June 18, 2018
Karen Cahn knows how hard it is for women to get a startup funded, because she was one of those women. Now, as founder and CEO of iFundWomen, she wants to help other women avoid following in her footsteps with her crowdfunding platform aimed at female entrepeneurs. We spoke with her at POPSUGAR Play/Ground, where she was a featured panelist.
"I'm kind of a dual citizen," Cahn said. In addition to founding iFundWomen, "I was a female entrepreneur who could not get funding after two years of trying to raise venture funding. I wish I had crowdfunded before I invested two years of my life and all my money."
The data surrounding female-owned businesses is, frankly, depressing. According to Cahn, 1,100 new businesses are started by women every day in the US alone, and there are around 11 million women-owned businesses in this country. However, women only get about two percent of venture-funding dollars, and women of color only get 0.2 percent.
Women only get about two percent of venture-funding dollars, and women of color only get 0.2 percent.
"There is a massive systemic problem in our society today, where women's businesses are not getting funding to get started and get off the ground," Cahn said. "Women are the fastest growing entrepreneurial sector in the US. Yet the revenues of women-owned businesses are only growing at half the rate of male-owned. When women decide to start businesses, our success rate is actually higher because women are more thoughtful and more strategic and more risk averse."
The issue, Cahn said, is that white males control most of the venture capital and therefore tend to fund entrepreneurs who look like them, versus someone who doesn't fit their profile of a successful business owner. That's why iFundWomen has stepped in to fill the void. (The like-minded Female Founders Fund also provides early-stage capital to female-owned startups.)
Cahn cofounded iFundWomen in November 2016 to give early-stage female entrepreneurs a platform on which to raise a cash round of funding. The choice to use a crowdfunding model was very deliberate, because it allows women to see if their business idea has legs and if there is a demand for their product before they sink time and money into a venure. After all, said Cahn, "You're not in business until you have customers."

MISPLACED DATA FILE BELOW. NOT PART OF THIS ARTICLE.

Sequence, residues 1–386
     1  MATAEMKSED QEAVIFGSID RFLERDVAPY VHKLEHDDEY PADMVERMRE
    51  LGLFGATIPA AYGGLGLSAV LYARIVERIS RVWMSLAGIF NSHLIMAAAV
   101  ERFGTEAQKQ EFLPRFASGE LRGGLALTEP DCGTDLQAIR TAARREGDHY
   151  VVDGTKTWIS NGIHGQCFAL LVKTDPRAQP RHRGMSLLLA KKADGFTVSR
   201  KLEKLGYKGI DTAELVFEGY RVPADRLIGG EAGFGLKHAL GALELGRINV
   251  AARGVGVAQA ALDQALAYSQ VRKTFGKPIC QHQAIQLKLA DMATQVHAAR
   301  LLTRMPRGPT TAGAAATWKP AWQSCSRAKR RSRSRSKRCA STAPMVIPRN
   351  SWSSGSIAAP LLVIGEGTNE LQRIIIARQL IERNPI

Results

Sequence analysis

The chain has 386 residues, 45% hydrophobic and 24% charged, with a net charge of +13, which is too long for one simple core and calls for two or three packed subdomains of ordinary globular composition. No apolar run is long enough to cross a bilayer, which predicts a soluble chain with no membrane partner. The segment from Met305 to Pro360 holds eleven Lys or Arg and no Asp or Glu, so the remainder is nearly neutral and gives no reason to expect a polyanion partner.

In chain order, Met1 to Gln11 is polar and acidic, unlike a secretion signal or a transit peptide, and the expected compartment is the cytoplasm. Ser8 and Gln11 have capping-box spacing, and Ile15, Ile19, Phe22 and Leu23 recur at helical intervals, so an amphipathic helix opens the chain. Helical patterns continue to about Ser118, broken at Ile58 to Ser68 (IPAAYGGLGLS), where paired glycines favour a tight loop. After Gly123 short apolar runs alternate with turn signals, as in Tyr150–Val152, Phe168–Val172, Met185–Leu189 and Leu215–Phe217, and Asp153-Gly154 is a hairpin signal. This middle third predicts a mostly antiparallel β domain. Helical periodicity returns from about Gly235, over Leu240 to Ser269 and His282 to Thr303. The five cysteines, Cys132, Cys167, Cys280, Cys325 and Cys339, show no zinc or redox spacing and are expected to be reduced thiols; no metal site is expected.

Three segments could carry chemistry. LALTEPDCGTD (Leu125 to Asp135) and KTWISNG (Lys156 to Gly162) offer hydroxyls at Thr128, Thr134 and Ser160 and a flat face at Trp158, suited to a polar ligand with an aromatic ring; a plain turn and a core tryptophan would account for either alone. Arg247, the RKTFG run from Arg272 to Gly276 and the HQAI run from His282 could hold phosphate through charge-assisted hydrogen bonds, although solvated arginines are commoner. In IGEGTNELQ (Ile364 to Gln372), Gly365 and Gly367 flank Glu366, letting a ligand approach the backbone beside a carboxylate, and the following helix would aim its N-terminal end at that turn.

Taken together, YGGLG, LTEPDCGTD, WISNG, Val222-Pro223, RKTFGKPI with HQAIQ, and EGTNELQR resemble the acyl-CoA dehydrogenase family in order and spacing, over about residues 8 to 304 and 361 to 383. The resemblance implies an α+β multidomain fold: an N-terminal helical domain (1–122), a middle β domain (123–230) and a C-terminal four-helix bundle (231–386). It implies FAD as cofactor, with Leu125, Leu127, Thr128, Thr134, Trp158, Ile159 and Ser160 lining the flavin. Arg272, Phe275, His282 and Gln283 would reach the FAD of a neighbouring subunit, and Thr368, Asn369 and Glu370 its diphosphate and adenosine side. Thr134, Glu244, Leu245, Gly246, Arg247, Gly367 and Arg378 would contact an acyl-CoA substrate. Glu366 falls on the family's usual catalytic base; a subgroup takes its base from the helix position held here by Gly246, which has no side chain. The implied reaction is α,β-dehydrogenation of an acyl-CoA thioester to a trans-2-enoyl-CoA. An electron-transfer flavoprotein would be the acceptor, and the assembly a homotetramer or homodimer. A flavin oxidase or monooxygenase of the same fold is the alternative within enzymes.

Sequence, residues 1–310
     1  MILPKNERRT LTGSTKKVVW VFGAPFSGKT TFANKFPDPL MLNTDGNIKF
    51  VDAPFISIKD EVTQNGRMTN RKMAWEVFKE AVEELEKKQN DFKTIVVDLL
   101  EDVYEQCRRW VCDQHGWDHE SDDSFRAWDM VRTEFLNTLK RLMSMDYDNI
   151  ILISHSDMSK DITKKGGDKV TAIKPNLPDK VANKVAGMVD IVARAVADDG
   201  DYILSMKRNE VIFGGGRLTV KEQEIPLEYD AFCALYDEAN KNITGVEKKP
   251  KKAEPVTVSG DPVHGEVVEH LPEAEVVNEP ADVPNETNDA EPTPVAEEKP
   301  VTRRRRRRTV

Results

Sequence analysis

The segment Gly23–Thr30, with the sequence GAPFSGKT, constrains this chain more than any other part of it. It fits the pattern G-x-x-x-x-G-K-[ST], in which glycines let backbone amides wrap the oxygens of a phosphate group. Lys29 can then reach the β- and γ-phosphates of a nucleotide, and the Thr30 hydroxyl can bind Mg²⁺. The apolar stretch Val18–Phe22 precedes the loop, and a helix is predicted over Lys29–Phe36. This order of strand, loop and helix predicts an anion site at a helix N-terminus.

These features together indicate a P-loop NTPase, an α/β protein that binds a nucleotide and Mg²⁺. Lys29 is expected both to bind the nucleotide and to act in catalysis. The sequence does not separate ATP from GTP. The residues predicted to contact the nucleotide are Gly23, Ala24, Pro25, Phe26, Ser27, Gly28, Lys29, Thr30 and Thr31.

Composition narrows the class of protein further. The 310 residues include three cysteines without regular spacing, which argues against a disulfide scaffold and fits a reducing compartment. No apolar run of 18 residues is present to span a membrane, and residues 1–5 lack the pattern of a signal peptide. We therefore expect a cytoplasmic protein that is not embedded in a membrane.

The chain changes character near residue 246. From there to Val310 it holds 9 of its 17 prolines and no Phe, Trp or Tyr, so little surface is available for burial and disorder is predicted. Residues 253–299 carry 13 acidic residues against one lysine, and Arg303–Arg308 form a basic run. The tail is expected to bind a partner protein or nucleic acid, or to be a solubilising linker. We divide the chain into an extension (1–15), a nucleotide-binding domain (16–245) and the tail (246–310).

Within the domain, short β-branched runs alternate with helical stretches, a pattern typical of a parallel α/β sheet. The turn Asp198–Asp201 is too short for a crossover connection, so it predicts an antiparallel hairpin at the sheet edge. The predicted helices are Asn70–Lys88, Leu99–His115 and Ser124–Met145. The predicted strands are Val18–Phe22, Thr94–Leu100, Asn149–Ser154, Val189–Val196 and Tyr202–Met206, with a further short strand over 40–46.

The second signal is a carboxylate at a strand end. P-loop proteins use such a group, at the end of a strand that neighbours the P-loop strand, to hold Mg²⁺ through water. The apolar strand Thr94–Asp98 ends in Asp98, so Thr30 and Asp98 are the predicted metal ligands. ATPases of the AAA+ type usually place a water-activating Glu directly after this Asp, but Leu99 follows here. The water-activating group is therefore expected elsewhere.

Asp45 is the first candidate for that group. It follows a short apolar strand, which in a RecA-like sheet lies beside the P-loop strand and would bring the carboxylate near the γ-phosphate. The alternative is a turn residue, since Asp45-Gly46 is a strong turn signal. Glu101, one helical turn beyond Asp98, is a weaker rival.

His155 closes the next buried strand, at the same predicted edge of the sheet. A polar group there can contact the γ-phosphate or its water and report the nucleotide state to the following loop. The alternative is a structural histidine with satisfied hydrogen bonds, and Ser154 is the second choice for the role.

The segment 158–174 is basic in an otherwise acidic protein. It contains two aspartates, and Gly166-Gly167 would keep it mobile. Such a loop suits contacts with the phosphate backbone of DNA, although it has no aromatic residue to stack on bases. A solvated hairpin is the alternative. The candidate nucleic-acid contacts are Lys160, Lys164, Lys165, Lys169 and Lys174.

"You should not go into debt starting your startup. You should crowdfund for cash and see if there is a [demand]."
When raising a cash round, funding typically comes from your personal and professional network. iFund helps you raise that cash via free coaching and by offering help with a marketing plan or promotional videos. Unlike other crowdfunding networks, iFundWomen offers a human touch and advice.
iFundWomen supports women and nonbinary people, but not at the expense of men. Multigendered founder teams are welcome and actually tend to do better in terms of sales and profits, according to a study from the Harvard Kennedy School in 2013. In addition, "half of the backers on iFundWomen are men," Cahn said. "There are so many male feminists who have been empowered by our movement."
Cahn said millennial women are well-positioned to start their own businesses — like, now, due to "giving zero Fs and being young enough to take a risk." Financial advisers will tell you to make riskier investments when you are young, and then get more conservative the closer you get to retirement. The same goes for starting a business. "When you are young and haven't started your family yet, or even if you have a family, you have lots of time to make up for your mistakes," Cahn said.
If you search Google for "how to fund a startup," Cahn said, you'll usually get three standard pieces of advice: max out your credit cards, take out a loan, and chase an equity round. "All of those are horrible ideas for a first-time entrepreneuer," said Cahn, who knows from firsthand experience. "You should not go into debt starting your startup. You should crowdfund for cash and see if there is a [demand]."
iFundWomen also reinvests the money it earns from fees into promising businesses on the platform. Like other crowdfunding sites, iFundWomen takes a five percent fee of every transaction on the site. But at the end of the month, they add up those fees and reinvest 20 percent into companies that are overperforming on the platform. Recent startups they backed include L3 Service, a campus locker sharing platform, and The Coven, a coworking space in Minneapolis. An organization called Ladies Get Paid, which teaches professional development and negotiation skills to women and nonbinary people, used iFundWomen to raise money to cover its legal fees when it was sued by a men's rights group for gender discrimination.
Cahn urges anyone who is thinking of starting a business just to take the first step. In the case of iFundWomen, she said, you can start by emailing firstname.lastname@example.org to get some totally free advice.
by NANCY EINHART
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